Legislation in Washington State Would Nullify Federal Ban on Hemp Farming

SB 5954 was introduced by Democratic State Sens. Bob Hasegawa and Maralyn Chase. It reads, in part, “Industrial hemp is an agricultural product which may be grown, produced, processed, possessed, and commercially traded in the state pursuant to the provisions of this chapter.”

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Washington State Will Keep Pushing For Industrial Hemp

Industrial hemp has gained a lot of ground this year, with legislation introduced and moving in several states, and laws being signed in Colorado and Vermont already. In fact, just last week farmers in Colorado harvested the first U.S. hemp crop in decades – and they did it in complete disregard for federal law. Hemp is such a versatile plant – with uses ranging from food to textiles – and is so heavily imported by the U.S., that it simply makes no sense not to grow it.

HB 1888 would allow for the production of industrial hemp in Washington state. The bill has already made it through two public hearings, and is currently being held in the House Appropriations Committee, where it ran into a last minute deadline this spring. The bill’s sponsor, Representative Matt Shea, has spoken repeatedly about the many uses of hemp, and told me in April that “this is a phenomenal bill, expanding freedom, allowing jobs to be created – a new market here in Washington state – the potential state economic impact is in the tens of millions if not hundreds of millions.”

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Hemp is Back, Finally

If ever there was a lesson in why granting power to busy-bodies and petty-tyrants is a bad idea, it is the decades-long federal ban on hemp production. Allowing a small cadre of bureaucrats to rule over whole sections of the earth and its occupants has stunted economic growth by limiting production and employment opportunities. It has largely destroyed the intellectual capital that existed in the United States for hundreds of years and finally there is hope this will end.

Since the 1950s hemp has been considered a controlled substance – despite having negligible levels of THC – and thus farmers have been prohibited from growing hemp for industrial purposes. This hasn’t meant that it cannot be imported, as recent estimates put the annual sales of hemp-based products at roughly half a billion dollars in the United States. You see, hemp is too dangerous to be grown Montana, but it’s perfectly safe when produced in say, Alberta, Canada.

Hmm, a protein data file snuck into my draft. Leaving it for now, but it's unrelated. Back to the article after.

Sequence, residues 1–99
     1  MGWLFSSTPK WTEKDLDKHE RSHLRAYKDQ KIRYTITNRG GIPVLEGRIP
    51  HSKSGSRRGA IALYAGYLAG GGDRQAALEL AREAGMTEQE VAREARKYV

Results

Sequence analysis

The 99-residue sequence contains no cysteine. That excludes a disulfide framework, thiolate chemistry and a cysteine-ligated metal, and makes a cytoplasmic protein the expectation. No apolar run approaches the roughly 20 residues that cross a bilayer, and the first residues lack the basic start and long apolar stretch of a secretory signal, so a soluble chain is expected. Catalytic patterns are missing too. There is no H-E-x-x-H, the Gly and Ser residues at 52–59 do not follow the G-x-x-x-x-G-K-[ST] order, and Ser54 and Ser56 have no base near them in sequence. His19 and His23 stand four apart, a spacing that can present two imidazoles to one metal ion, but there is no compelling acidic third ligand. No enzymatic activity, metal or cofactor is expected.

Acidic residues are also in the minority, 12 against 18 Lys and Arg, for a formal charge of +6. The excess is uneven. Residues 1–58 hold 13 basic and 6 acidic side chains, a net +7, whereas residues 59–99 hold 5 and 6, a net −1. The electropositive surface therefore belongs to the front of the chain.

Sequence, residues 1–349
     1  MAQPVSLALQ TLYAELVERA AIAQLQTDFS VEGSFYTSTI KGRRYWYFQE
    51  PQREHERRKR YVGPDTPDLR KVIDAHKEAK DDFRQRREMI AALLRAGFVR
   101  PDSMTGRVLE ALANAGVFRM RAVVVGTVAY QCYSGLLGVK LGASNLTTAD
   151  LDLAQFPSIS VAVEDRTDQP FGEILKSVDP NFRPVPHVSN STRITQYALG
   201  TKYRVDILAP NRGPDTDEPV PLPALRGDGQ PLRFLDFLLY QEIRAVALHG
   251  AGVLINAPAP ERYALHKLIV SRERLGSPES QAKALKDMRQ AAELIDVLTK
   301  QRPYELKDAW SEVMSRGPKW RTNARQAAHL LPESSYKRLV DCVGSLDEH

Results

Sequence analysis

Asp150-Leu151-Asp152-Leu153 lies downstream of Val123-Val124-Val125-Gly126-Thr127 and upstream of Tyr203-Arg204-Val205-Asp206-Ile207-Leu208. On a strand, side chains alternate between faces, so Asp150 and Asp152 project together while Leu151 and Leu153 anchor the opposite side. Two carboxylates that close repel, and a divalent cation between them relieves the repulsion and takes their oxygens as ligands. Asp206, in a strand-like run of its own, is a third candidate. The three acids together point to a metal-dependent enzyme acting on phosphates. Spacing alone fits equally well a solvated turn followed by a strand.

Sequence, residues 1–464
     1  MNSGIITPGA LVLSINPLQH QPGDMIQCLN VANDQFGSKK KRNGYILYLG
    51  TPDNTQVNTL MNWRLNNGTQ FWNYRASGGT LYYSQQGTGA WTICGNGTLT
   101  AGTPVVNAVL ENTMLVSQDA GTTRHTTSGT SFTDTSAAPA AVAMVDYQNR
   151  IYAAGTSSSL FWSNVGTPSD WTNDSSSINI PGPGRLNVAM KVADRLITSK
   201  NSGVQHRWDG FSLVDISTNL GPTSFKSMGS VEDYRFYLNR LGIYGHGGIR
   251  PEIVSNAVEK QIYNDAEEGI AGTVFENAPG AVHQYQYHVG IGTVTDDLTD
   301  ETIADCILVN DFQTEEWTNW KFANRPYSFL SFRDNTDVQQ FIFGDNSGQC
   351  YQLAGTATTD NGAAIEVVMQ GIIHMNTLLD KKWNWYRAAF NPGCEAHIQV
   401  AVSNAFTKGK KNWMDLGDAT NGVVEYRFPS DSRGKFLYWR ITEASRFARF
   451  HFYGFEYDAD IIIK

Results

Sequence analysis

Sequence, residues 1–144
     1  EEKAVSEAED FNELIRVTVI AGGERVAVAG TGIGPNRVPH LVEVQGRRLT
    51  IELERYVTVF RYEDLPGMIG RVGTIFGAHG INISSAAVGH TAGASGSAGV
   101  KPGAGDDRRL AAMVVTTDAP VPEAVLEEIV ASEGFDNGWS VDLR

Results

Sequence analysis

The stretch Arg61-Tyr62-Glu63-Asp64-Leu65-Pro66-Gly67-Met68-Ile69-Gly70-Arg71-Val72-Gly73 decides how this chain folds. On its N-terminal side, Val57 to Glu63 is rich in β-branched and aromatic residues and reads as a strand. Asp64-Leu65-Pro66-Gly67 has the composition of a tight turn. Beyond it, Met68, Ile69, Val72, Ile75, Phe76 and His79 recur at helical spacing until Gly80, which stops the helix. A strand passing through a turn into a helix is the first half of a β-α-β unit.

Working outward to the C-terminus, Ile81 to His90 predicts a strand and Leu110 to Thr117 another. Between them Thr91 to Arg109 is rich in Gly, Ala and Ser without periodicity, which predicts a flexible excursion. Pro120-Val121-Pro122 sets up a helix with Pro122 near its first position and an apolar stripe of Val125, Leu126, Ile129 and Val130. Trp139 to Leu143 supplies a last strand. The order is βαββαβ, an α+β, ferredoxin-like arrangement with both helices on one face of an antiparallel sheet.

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Efforts to Legalize Hemp In Kentucky Bring Together Activists, Lawmakers and Business Leaders

Mention hemp and it will likely evoke images of long-haired hippies in sandals banging drums and burning incense. But more likely than not, you will find today’s major players in the full-court press to legalize industrial hemp wearing suits and ties, not tie-dye T-shirts.

In fact, the coalition driving the hemp movement in Kentucky features prominent business leaders, farmers and political figures, including state Agriculture Commissioner James Comer.

Comer began pushing for legalization within a month of taking office in 2011. His efforts paid off when the Kentucky legislature passed SB50 last March. The law legalizes industrial hemp farming in the Bluegrass State, but the federal government must first lift its ban before farmers can begin planting the crop.

“I have long believed that industrial hemp had great potential as a profitable crop for Kentucky farmers. Hemp is used to produce paper, clothing, cosmetics, construction materials, automobile parts, foods, and thousands of other products. We know that hemp grows well in Kentucky and elsewhere in the U.S.,” Comer said. “Kentucky was the leading hemp-producing state in the mid-19th century, and we ramped production up to record levels for the war effort in the 1940s. We should be growing hemp, and making hemp products in Kentucky and the United States. I will do everything in my power to make hemp legalization a reality.”

In fact, a recent Department of Justice memo declaring it will not challenge marijuana legalization in Washington and Colorado could pave the way for hemp production in Kentucky, although Attorney General Jack Conway disagrees with that assessment.

A February 1938 article in Popular Mechanics dubbed industrial hemp the “New Billion-Dollar Crop. “ After years of declining production, the magazine predicted a renaissance with the invention of a machine that removed the fiber-bearing cortex from the stalk, opening the door for low cost production of products ranging from rope to paper.

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